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Hurricane heads toward Carolina coast, Wednesday last day to prepare

Hurricane Dorian will gain speed and size, but diminish in strength as it moves up the East Coast. But authorities say it’s not the category that matters, it’s the track, the wind, the rainfall and storm surge that eastern North Carolinians should be paying attention to.

“We encourage everybody to look at all hazards. The general pointers that we’ve had is don’t pay attention to the category. It’s still going to be a hurricane — wind is going to be a hazard, water is statistically the biggest killer. Stronger winds, up to tropical storm force can certainly down trees and knock out power,” said Morgan Simms, a meteorologist at the National Weather Service, Newport/Morehead City office. “All hazards need to be paid attention to, definitely.”

Tuesday night, Hurricane Dorian had diminished from a powerhouse category 5 storm to a category 2, with sustained winds of 110 mph. By 11 a.m. Tuesday, NWS placed Beaufort County under a Hurricane Watch; by 5 p.m. Tuesday, a Hurricane Warning was extended up the southern North Carolina coastline to Jacksonville. Dorian’s effects will be felt in Beaufort County as early as Wednesday night, but its primary impact will happen through Thursday into Friday.

According to a Tuesday night webinar hosted by NWS, Newport/Morehead City Meteorologist-in-Charge David Glenn, Beaufort County is under “moderate” risk of flooding rainfall, with 6 to 8 inches of rain expected in the western part of the county between Wednesday and Friday. Eastern Beaufort county can expect 8 to 10 inches of rain, while isolated areas could receive as much as 15 inches.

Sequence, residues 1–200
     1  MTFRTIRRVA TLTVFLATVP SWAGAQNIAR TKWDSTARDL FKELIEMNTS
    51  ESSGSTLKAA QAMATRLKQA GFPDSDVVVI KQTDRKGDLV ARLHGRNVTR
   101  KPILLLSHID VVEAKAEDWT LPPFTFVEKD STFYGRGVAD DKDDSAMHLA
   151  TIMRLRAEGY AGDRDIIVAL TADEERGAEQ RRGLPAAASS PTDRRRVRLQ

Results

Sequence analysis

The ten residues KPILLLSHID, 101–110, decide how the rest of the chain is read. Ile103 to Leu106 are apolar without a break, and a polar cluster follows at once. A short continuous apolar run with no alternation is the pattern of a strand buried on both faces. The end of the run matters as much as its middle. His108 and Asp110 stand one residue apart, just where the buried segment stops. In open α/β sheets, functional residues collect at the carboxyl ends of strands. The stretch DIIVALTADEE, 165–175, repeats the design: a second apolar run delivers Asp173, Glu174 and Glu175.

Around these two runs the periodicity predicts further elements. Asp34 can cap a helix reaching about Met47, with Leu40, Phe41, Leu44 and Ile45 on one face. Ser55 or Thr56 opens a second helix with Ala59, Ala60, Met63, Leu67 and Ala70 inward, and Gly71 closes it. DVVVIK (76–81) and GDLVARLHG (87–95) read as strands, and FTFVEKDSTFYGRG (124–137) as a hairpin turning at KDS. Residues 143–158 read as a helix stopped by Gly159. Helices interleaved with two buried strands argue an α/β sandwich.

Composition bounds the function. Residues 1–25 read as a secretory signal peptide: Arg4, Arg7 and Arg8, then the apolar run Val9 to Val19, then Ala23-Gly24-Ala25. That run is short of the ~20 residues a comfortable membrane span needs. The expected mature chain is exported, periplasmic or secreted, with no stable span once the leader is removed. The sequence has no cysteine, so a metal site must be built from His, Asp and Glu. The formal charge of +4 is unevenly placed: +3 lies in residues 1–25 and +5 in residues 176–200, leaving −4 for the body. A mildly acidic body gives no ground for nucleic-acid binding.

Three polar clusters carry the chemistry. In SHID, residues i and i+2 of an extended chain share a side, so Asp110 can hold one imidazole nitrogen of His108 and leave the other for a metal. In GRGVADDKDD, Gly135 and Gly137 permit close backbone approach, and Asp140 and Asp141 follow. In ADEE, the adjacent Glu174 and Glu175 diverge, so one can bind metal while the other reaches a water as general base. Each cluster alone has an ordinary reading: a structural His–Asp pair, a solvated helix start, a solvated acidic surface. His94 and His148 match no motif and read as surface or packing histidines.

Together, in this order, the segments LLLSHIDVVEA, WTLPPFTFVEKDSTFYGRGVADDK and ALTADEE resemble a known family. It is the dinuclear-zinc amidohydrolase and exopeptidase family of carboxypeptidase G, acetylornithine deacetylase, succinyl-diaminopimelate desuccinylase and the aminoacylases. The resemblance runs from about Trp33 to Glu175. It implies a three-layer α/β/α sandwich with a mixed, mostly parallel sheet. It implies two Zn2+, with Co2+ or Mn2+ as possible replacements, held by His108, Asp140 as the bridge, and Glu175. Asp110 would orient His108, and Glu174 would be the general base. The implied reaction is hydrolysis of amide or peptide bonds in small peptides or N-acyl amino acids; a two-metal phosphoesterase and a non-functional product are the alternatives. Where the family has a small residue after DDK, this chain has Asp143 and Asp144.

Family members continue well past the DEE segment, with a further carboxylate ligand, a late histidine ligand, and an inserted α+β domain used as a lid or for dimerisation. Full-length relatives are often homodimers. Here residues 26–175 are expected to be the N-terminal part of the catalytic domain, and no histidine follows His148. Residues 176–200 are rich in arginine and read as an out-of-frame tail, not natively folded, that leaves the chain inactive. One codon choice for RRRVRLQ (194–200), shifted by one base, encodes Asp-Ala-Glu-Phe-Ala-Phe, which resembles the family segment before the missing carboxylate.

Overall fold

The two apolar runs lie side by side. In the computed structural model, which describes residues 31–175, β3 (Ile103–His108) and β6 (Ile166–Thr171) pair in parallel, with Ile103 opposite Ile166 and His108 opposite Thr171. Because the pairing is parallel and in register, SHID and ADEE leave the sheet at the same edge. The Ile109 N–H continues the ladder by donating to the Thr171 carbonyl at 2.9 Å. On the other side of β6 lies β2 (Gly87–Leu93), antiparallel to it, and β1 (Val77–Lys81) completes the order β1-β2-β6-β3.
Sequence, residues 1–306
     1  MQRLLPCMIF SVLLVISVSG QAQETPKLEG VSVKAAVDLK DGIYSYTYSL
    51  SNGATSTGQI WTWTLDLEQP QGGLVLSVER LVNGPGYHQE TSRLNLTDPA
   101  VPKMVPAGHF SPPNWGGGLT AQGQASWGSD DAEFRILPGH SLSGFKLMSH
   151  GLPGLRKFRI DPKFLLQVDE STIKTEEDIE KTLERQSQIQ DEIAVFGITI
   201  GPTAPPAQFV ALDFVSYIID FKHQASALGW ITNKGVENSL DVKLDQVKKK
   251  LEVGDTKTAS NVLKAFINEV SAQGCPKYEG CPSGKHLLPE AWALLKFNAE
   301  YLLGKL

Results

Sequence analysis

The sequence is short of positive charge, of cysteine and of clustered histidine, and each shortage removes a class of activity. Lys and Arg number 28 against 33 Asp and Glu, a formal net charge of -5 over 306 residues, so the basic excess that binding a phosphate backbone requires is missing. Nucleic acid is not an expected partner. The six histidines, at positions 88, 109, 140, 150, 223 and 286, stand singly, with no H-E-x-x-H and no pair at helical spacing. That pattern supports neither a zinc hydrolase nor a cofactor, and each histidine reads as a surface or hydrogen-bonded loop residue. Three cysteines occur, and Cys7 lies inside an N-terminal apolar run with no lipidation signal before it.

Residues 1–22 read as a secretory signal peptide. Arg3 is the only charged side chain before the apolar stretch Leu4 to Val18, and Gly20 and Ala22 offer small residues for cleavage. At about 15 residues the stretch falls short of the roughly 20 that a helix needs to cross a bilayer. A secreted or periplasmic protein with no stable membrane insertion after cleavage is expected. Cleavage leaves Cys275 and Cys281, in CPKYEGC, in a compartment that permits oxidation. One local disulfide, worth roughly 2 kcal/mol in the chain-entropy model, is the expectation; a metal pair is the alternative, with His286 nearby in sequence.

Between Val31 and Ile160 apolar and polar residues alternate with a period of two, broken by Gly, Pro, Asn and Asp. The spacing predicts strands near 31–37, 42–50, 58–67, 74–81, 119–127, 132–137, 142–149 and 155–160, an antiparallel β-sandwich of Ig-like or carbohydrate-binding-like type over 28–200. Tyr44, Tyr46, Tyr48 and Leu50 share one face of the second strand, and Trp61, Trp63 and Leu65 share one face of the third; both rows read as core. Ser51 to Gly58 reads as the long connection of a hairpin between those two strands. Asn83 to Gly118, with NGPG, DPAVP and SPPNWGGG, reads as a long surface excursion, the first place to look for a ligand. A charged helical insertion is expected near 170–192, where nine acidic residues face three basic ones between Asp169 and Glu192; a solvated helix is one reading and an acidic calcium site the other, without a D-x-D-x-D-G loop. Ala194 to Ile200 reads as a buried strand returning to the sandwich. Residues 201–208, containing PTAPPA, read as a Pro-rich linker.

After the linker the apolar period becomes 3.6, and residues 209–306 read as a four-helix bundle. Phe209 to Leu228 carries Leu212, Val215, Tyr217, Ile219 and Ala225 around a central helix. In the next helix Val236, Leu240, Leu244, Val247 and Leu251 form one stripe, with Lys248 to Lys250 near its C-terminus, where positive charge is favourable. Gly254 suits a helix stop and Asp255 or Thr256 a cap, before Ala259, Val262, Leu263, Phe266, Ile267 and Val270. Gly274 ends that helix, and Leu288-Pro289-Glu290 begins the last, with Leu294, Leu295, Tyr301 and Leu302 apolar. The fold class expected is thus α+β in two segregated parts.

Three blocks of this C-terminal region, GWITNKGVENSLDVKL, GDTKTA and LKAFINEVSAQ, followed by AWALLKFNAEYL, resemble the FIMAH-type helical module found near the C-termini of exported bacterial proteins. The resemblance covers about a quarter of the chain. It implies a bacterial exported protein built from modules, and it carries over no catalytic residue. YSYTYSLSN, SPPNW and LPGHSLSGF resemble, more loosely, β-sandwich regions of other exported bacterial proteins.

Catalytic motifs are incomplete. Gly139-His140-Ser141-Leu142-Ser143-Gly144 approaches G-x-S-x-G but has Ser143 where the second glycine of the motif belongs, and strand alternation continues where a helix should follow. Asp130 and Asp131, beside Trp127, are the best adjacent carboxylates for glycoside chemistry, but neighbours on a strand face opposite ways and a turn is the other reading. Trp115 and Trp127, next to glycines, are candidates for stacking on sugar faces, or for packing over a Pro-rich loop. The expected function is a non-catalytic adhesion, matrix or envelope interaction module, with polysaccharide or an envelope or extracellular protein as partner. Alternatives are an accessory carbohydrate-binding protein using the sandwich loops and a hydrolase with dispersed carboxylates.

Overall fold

NWS storm surge forecasts run from three to five feet for the sounds and rivers, but the locations those depths occur could vary widely, according to Newkirk.

“We’re working on breaking that information down based on communities. Some communities may see three feet on the high side and other communities may see six,” Newkirk said.

Based on wind direction and the longevity of the wind, areas on the south side of the Pamlico River could see the higher end of the storm surge prediction.

Tropical storm force wind probabilities continue to increase as the Dorian draws closer and the storm expands in size.

“Our confidence is increasing that we’re going to have more direct impacts from Dorian in eastern North Carolina,” Glenn said Tuesday night. “You’re going to be able to feel effects well away from the center of the storm. Don’t let your guard down because it’s diminished the category.”

While Dorian’s forecasted track brushing the North Carolina coast had not changed much at all between Sunday and Tuesday, authorities are warning that a little bit of wobble in the storm’s path could make an enormous difference.

“The forecast track largely hasn’t changed. We’ve been showing the storm brushing the coast for I don’t know how many updates,” Simms said. “It could wobble a little bit back and forth depending on how this thing tracks. There’s still a chance it could come inland — that might make a difference in the magnitude of the impacts of the region, but there will still be impacts.”

The uncertainty means local emergency management officials are urging people to prepare for the worst, regardless.

“It’s better to be prepared for nothing that not be prepared for something,” Newkirk said.

 

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